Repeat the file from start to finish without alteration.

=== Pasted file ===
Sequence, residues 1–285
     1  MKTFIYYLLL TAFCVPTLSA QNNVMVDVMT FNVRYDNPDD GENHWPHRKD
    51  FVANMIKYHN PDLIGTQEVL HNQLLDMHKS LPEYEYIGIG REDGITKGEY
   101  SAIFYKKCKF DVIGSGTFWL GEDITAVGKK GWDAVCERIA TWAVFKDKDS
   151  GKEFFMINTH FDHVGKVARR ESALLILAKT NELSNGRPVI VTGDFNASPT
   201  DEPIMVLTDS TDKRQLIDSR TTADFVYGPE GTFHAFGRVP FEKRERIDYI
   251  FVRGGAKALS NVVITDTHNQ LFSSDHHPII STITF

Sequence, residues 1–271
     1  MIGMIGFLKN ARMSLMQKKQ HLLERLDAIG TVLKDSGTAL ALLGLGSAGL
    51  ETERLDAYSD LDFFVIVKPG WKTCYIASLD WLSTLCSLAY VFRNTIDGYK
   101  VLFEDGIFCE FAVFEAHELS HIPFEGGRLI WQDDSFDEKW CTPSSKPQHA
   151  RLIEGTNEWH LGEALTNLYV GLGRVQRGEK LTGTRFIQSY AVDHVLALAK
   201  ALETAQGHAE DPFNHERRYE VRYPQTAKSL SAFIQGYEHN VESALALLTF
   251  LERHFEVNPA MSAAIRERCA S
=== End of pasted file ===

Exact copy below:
Sequence, residues 1–285
     1  MKTFIYYLLL TAFCVPTLSA QNNVMVDVMT FNVRYDNPDD GENHWPHRKD
    51  FVANMIKYHN PDLIGTQEVL HNQLLDMHKS LPEYEYIGIG REDGITKGEY
   101  SAIFYKKCKF DVIGSGTFWL GEDITAVGKK GWDAVCERIA TWAVFKDKDS
   151  GKEFFMINTH FDHVGKVARR ESALLILAKT NELSNGRPVI VTGDFNASPT
   201  DEPIMVLTDS TDKRQLIDSR TTADFVYGPE GTFHAFGRVP FEKRERIDYI
   251  FVRGGAKALS NVVITDTHNQ LFSSDHHPII STITF

Sequence, residues 1–271
     1  MIGMIGFLKN ARMSLMQKKQ HLLERLDAIG TVLKDSGTAL ALLGLGSAGL
    51  ETERLDAYSD LDFFVIVKPG WKTCYIASLD WLSTLCSLAY VFRNTIDGYK
   101  VLFEDGIFCE FAVFEAHELS HIPFEGGRLI WQDDSFDEKW CTPSSKPQHA
   151  RLIEGTNEWH LGEALTNLYV GLGRVQRGEK LTGTRFIQSY AVDHVLALAK
   201  ALETAQGHAE DPFNHERRYE VRYPQTAKSL SAFIQGYEHN VESALALLTF
   251  LERHFEVNPA MSAAIRERCA S